Russia continues to receive bad news in the midst of the Ukrainian counteroffensive in the Kharkov and Kherson regions. The last one has to do with one of her tanks.
This afternoon, the Youtube channel Shawshank Redemption posted a series of photos of a T-90M Proryv captured by Ukrainian forces. From Ukraine Weapons Tracker they point out that the tank was possibly captured in the Kharkov region and was covered with Nakidka, a camouflage material used by Russia as thermal insulation and protection against radar signals. The T-90M is the most modern tank active in the Russian Army (the famous T-14 Armata is still undergoing testing) and so far none had been captured.
According to available information, Russia has few T-90Ms and assigns them to the best prepared units in the invasion of Ukraine. The Russian outlet Vedomosti.ru published in February 2020 that between 2017-2019, the Ministry of Defense of the Russian Federation signed three contracts for T-90M tanks with a total volume of more than 160 vehicles. The first two contracts they involved the delivery of 60 vehicles between 2018 and 2019, of which 10 had to be built anew, and another 50 T-90 units of previous modifications were upgraded to the T-90M level. It is difficult to know how many T-90Ms the Russian Army has in active service. The aforementioned Russian media added that in 2020 Russia could receive at least 15 T-90M, which indicates a very low manufacturing rate. In any case, it is the rarest tank model in the Russian Army today in active service.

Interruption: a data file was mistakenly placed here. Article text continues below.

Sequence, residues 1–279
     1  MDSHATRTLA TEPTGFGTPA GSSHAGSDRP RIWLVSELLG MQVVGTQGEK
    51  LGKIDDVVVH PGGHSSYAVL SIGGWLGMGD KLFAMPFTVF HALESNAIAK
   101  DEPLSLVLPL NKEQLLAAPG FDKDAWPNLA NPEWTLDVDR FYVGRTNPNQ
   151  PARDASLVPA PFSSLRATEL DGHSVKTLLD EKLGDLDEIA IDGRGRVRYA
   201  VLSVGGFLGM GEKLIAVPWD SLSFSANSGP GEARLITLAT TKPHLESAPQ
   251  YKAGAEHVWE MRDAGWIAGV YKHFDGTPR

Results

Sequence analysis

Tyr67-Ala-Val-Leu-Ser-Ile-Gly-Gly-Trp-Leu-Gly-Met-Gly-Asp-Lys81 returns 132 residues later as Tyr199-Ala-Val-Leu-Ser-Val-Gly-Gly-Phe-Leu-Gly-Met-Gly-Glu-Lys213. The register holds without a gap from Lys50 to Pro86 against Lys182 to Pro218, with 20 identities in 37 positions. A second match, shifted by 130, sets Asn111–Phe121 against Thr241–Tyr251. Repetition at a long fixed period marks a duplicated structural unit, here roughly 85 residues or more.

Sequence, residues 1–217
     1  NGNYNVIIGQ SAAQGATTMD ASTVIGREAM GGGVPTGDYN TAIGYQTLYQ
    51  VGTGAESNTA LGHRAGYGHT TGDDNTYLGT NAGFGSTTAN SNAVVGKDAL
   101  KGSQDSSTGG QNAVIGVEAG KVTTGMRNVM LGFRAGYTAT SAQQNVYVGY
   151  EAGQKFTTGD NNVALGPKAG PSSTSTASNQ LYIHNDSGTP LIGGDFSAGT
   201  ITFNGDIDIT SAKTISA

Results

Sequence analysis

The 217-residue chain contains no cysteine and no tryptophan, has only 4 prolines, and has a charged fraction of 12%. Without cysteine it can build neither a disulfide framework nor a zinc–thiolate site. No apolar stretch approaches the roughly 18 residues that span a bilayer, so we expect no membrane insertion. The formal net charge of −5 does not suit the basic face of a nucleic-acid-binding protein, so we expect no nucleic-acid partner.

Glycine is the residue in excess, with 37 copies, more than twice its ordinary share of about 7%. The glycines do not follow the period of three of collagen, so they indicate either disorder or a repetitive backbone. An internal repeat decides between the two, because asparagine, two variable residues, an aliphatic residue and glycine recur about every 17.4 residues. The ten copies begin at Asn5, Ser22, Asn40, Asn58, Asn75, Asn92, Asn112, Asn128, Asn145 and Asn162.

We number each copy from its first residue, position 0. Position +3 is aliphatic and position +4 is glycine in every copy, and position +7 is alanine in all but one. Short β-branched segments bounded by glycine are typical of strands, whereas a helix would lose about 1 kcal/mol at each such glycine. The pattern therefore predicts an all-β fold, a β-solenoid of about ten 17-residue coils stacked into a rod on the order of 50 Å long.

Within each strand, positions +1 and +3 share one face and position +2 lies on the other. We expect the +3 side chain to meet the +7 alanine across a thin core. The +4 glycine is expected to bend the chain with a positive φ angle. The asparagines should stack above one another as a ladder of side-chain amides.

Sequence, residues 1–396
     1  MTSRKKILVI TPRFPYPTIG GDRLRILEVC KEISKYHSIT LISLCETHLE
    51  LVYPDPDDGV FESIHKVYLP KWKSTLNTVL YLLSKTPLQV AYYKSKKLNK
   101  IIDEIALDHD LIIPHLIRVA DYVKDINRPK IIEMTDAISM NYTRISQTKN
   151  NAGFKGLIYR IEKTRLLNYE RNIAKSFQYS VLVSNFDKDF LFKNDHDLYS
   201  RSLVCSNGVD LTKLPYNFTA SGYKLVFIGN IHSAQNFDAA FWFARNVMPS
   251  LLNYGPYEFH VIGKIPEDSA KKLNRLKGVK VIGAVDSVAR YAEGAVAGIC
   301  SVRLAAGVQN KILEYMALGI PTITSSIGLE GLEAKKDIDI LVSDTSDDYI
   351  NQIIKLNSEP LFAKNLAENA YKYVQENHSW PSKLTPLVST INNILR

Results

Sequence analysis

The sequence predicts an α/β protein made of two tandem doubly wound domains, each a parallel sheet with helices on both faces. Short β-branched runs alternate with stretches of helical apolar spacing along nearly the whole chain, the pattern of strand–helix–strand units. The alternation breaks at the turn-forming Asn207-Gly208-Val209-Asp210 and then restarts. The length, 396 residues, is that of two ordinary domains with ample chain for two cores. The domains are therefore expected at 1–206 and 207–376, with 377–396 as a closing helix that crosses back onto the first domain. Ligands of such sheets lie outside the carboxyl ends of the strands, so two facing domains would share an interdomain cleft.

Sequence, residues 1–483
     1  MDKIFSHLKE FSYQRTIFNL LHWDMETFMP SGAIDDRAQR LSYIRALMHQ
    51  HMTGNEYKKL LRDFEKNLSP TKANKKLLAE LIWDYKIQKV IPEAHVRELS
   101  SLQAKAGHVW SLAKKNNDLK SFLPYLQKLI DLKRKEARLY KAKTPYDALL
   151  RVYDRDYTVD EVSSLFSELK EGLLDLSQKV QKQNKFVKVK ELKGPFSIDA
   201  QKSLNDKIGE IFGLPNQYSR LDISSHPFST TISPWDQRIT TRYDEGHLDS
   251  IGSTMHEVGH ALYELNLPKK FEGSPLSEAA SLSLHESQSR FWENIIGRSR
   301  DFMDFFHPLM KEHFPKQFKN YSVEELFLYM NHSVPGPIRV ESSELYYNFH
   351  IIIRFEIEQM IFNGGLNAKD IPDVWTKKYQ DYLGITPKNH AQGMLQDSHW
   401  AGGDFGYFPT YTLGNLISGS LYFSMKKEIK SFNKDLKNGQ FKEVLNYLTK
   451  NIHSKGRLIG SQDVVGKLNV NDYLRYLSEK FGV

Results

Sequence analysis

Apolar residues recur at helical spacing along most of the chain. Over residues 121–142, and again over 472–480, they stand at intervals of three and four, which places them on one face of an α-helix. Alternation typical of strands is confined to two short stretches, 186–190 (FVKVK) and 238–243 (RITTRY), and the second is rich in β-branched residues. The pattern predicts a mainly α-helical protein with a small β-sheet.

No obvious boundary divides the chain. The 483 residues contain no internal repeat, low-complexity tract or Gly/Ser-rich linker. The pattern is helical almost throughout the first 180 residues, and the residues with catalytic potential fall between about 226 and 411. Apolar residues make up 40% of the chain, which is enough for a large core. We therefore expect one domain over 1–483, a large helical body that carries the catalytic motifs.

As you may remember, on May 4, Ukraine showed a T-90M also destroyed in the Kharkov region (above). It was the first T-90M that Russia lost in combat. The T-90M Proryv is a more advanced version of the T-90A, a derivative of the T-90, which appeared in 1992. Like its predecessors, the T-90M has a 125 mm 2A46M-5 cannon, features a redesigned turret with additional armor and a remote-controlled machine gun next to the commander's hatch.
The reason why the Russians abandoned this modern battle tank is easy to guess: the vehicle seems to have one of the running tracks broken, and without it it cannot circulate.
The captured T-90M bears the "Z" displayed on many Russian military vehicles in Ukraine, along with a hexagon with a number 2 (I have not been able to identify the meaning of this last mark).
An image of the T-90M with Nakidka tarps and camouflage nets covering almost the entire vehicle, except for its cannon.
An image of the T-90M turret with the commander's (left) and gunner's (right) hatches open.
The remote control machine gun located on the turret, behind the commander's hatch.
The gunner's hatch. You can see the aiming systems it uses, and on the left, in yellow, the gun, fed by an automatic loader.
Another image of the gunner's station. A Ukrainian soldier is shown sitting on it, putting his hands on the turret's rotation control.
The gunner's station seen from the commander's station. On the right, in yellow, we see the 125mm gun breech.
A photo of the commander's hatch. Again we see the closure of the 125 mm gun, in yellow, and on the left part of the autoloader.
Another photo of the commander's post. The barrel lock, in yellow, is on the left. Unlike the gunner, the commander has several digital displays.
The screens of the commander's post. Further down we see the coaxial machine gun and its ammo box.
The right side of the commander's station. The white box on the right appears to be the ammo selection panel for the main gun.
The driver's seat of the T-90M, if I'm not mistaken. What we see in the center looks like a gear change.
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